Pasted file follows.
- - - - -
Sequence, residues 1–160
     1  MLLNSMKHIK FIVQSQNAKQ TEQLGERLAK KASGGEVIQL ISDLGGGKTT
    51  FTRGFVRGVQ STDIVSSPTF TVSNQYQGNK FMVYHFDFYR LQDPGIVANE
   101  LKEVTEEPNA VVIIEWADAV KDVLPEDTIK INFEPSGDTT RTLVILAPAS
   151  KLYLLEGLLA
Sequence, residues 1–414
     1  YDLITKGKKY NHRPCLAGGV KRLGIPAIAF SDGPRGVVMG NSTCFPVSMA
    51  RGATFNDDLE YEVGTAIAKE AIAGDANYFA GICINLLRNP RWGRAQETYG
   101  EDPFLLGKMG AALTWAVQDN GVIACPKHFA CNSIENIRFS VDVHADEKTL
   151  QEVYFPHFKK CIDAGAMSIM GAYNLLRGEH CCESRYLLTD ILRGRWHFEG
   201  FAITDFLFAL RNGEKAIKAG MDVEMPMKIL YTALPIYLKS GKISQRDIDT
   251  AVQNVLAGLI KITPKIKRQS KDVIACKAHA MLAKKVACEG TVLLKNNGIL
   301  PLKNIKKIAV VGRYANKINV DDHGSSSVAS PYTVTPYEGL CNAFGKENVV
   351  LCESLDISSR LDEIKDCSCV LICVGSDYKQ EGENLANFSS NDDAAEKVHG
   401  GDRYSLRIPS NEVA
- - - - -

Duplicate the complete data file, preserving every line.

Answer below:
Sequence, residues 1–160
     1  MLLNSMKHIK FIVQSQNAKQ TEQLGERLAK KASGGEVIQL ISDLGGGKTT
    51  FTRGFVRGVQ STDIVSSPTF TVSNQYQGNK FMVYHFDFYR LQDPGIVANE
   101  LKEVTEEPNA VVIIEWADAV KDVLPEDTIK INFEPSGDTT RTLVILAPAS
   151  KLYLLEGLLA
Sequence, residues 1–414
     1  YDLITKGKKY NHRPCLAGGV KRLGIPAIAF SDGPRGVVMG NSTCFPVSMA
    51  RGATFNDDLE YEVGTAIAKE AIAGDANYFA GICINLLRNP RWGRAQETYG
   101  EDPFLLGKMG AALTWAVQDN GVIACPKHFA CNSIENIRFS VDVHADEKTL
   151  QEVYFPHFKK CIDAGAMSIM GAYNLLRGEH CCESRYLLTD ILRGRWHFEG
   201  FAITDFLFAL RNGEKAIKAG MDVEMPMKIL YTALPIYLKS GKISQRDIDT
   251  AVQNVLAGLI KITPKIKRQS KDVIACKAHA MLAKKVACEG TVLLKNNGIL
   301  PLKNIKKIAV VGRYANKINV DDHGSSSVAS PYTVTPYEGL CNAFGKENVV
   351  LCESLDISSR LDEIKDCSCV LICVGSDYKQ EGENLANFSS NDDAAEKVHG
   401  GDRYSLRIPS NEVA